Friday, April 21, 2006

interpretation of laws

While this is already a long since well settled question in countries where there are three independent branches of government—the legislature, the executive department and the judiciary—it would do no harm to ask the question: who has the more immediate and better competence to interpret a law?

It seems that the best interpreter of a law is the legislator himself/herself. This made the law after much study, reflection and resolve. This is wherefore the one who knows the law better and who can wherefore best interpret the law. This appears to be nothing more than the dictate of elementary logic.

The probable impediment to the above rather simple and objective logical conclusion comes from the significance and implications of partisan politics. And this is a reality that is a matter of course in basically democratic countries. Partisan politics can readily make the legislature interpret the law it made not pursuant to its objective text and context—but rather according to politico-partisan concerns.

This is not to counter the importance and necessity of at least a bi-partisan political governance in terms of the administration and the opposition. This practice has relevance to the required standard of politico-ethical checks and balances.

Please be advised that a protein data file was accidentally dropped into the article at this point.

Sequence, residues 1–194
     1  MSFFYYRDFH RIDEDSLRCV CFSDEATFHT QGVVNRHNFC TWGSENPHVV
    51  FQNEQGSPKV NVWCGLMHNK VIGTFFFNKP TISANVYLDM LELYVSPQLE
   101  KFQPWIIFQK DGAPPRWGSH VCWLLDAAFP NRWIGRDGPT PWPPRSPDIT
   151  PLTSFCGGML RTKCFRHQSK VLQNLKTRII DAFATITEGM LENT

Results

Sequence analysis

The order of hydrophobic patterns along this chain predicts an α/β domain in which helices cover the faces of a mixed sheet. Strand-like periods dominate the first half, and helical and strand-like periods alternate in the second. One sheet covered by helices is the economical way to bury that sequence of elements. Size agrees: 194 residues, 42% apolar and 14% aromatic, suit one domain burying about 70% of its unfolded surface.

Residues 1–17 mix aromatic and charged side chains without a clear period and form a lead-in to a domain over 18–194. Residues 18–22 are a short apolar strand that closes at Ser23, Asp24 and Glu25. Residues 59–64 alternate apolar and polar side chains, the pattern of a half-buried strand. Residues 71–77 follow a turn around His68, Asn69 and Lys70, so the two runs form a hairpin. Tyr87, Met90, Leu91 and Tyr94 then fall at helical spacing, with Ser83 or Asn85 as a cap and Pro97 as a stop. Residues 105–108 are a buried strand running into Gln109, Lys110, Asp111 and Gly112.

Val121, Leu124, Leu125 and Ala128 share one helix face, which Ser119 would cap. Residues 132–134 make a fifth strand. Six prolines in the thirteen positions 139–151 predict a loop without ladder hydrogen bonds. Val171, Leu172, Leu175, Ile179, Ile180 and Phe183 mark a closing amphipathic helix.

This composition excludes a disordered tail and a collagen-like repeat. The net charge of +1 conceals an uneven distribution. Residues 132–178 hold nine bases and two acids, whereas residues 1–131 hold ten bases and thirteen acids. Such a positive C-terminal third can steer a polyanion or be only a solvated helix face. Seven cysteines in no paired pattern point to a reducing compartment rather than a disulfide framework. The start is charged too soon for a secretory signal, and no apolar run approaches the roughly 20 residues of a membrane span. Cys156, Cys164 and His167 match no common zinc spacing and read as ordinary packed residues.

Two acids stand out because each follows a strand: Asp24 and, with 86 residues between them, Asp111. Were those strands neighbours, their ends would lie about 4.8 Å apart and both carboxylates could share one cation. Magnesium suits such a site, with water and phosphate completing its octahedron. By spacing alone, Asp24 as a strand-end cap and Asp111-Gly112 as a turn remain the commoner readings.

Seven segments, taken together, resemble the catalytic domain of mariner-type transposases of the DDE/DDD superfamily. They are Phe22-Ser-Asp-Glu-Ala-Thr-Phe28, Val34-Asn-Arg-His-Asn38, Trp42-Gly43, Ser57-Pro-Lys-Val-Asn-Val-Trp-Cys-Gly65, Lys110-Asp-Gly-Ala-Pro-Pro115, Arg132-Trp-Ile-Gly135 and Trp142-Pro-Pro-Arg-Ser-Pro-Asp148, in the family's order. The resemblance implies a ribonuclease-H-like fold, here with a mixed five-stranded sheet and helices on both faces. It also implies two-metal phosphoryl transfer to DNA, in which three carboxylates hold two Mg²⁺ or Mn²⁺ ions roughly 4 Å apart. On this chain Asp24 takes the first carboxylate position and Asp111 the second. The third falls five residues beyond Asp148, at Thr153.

This is neither to counter the industry and capability of the judiciary to interpret the law pursuant to the norms judicial prudence and consequent jurisprudence.

This is just to forward the rather simple and evident truth that in principle, the best interpreter of the law is the one who precisely made the law—the legislator. And thus, the executive department implements the law. The judiciary pronounces on the violations of the law.

All the above notwithstanding, the imperfection of human agents is the reality—the flaw in human structures is the truth. But this is no excuse why socio-political governance should not be attentive to what can make it better in constitution and more effective in service—by having in mind its attributes that can be enhanced and its liabilities that can be lessened.

+O. V. CRUZ, D.D.
21 April 2006